Wednesday, June 10, 2015

Paper Towns by John Green

Title: Paper Towns
Author: John Green
Released September 22, 2009
Rating: 4/5

Summary

Who is the real Margo?

Quentin Jacobsen has spent a lifetime loving the magnificently adventurous Margo Roth Spiegelman from afar. So when she cracks open a window and climbs into his life—dressed like a ninja and summoning him for an ingenious campaign of revenge—he follows. After their all-nighter ends, and a new day breaks, Q arrives at school to discover that Margo, always an enigma, has now become a mystery. But Q soon learns that there are clues—and they're for him. Urged down a disconnected path, the closer he gets, the less Q sees the girl he thought he knew...(Summary from Goodreads).
Possible Spoilers Ahead!

Paper Towns was my first John Green novel and now that I've finally gotten a taste of one of his books I've somehow been initiated into the hipster world. That probably doesn't make sense but I digress.

Paper Towns started off strong and filled me with intrigue as Margo took Q on an epic adventure for revenge throughout the first quarter of the book.  After Margo left, I was hooked to find out what happened to her and what epic adventure Q would have to go through to find her.  However, I admit that, for me, the story kind of slowed from there.  I think my expectations were a little too high from the amount of hype that John Green's books get, but the quirky characters and the mystery made the story enjoyable for the most part.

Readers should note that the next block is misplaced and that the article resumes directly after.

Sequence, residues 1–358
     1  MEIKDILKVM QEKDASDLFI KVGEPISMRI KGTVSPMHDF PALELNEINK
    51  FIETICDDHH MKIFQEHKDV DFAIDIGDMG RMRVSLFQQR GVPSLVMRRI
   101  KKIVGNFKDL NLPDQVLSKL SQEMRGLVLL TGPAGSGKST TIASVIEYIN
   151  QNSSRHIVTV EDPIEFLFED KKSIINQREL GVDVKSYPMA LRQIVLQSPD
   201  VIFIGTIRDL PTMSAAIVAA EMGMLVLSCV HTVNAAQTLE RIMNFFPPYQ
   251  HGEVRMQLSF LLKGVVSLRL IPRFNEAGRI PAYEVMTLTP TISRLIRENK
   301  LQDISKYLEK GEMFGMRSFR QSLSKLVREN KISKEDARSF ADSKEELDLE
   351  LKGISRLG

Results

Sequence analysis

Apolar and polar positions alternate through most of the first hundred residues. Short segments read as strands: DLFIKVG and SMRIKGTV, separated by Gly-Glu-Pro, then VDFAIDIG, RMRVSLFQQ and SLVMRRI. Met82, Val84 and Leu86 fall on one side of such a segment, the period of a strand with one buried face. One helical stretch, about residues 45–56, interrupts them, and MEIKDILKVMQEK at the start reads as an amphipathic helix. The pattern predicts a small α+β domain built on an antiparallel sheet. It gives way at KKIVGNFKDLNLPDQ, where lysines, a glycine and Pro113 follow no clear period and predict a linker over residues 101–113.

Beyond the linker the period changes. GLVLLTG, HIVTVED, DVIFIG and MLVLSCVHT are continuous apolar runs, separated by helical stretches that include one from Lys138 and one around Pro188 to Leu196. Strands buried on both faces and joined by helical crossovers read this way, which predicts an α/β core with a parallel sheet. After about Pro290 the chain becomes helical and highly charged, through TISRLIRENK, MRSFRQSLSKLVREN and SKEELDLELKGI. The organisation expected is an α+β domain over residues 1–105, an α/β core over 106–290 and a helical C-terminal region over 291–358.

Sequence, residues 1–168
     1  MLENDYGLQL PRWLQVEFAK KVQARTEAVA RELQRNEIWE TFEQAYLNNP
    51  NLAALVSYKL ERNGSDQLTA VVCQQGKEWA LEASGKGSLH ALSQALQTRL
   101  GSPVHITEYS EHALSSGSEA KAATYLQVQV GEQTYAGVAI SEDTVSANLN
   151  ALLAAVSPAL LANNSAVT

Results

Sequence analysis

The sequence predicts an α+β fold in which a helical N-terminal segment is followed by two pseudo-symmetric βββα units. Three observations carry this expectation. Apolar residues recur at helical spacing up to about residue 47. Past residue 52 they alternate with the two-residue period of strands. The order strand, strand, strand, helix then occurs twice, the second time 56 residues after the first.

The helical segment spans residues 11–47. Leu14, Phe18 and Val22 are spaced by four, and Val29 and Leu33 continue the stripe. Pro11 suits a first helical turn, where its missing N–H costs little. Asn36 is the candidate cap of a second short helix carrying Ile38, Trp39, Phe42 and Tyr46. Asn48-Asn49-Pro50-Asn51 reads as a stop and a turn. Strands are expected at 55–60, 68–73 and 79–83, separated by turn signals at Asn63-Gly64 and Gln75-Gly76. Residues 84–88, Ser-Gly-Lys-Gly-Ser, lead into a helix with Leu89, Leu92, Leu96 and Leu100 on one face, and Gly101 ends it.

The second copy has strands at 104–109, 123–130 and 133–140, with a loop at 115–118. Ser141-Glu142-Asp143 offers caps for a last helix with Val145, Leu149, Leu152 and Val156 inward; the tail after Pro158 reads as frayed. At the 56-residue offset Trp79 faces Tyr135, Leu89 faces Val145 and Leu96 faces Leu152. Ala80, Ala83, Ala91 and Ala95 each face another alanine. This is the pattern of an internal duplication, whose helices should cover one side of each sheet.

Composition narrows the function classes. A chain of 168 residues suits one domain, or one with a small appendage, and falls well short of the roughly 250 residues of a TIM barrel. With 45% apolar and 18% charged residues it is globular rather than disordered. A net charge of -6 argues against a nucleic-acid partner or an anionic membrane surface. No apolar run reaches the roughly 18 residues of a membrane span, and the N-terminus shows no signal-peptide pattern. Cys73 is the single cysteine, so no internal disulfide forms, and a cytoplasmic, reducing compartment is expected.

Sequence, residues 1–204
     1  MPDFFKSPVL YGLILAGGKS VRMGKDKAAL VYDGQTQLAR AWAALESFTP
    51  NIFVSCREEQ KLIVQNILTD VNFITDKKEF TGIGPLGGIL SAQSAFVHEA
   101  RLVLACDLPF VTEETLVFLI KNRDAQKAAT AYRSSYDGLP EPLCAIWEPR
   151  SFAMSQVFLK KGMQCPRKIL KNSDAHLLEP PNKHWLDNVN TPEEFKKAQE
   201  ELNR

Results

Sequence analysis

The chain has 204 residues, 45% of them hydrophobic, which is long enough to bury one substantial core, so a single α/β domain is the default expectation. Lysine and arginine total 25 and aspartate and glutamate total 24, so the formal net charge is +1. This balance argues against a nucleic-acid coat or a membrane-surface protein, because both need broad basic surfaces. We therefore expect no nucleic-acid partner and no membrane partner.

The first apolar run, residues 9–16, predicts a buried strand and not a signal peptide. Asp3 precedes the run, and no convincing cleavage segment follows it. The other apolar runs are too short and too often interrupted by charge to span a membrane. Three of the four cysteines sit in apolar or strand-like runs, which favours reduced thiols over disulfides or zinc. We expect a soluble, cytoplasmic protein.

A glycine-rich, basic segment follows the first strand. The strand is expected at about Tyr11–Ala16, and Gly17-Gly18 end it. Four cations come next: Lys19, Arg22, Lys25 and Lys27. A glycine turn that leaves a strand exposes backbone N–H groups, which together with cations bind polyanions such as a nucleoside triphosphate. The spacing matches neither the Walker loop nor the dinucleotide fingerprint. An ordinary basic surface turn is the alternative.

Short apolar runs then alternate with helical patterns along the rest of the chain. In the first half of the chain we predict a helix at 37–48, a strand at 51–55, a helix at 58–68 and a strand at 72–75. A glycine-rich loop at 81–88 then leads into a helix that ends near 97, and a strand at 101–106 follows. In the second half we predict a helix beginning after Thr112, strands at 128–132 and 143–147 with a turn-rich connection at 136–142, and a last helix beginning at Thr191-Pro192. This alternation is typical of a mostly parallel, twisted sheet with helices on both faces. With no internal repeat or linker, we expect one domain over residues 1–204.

It wasn't until the end that I think I got what the theme of the story was really going for.  Q was so entranced by the Margo he knew as a child that he always thought of her as a legend, not like a regular teenage nonconformist.  I found it difficult to relate to Margo.  She basically left her home without even thinking about what that would do to the family and friends that actually care about her. I mean, if she actually thought that no one truly cared for her, I guess I can see where she's coming from, but it seems irrational to not wait at least until she graduates to move out.

Q was also a bit naive because he lived his life with this fantasy that Margo was this epic person.  It was a little disappointing to find out that she only left clues for Q to find the subdivision she used to hang out at, not to find her location.  Really Margo?? How would anyone know that was your intention? I suppose that makes it all the more impressive that Q and the gang were able to locate Margo anyway.

Despite these drawbacks, the story was enjoyable and I found myself laughing out loud a few times from the dialogue between Q, Radar, and Ben. One thing I could very much relate to was Q's mixed feelings of nostalgia, fear, and excitement toward the end of his senior year. The sense of peace he felt after finishing his last exam and walking out of the school was the way I felt on the day of my graduation last year.  I think there is a lot of hype for John Green's novels because his characters feel the same things we do in reality.

It may be awhile before I read my next John Green book (my TBR pile is huge!), but I think there is a strong possibility that I'll pick up another one in the future. Also, if you've read the book, around the part where Q and Margo dance near SeaWorld a song called Stars Fell On Alabama plays in the background. I looked up a cover of it by She & Him (sung by Zooey Deschannel), and I listened to it at least a dozen times. I'm listening to it now as I'm typing this. That is all.

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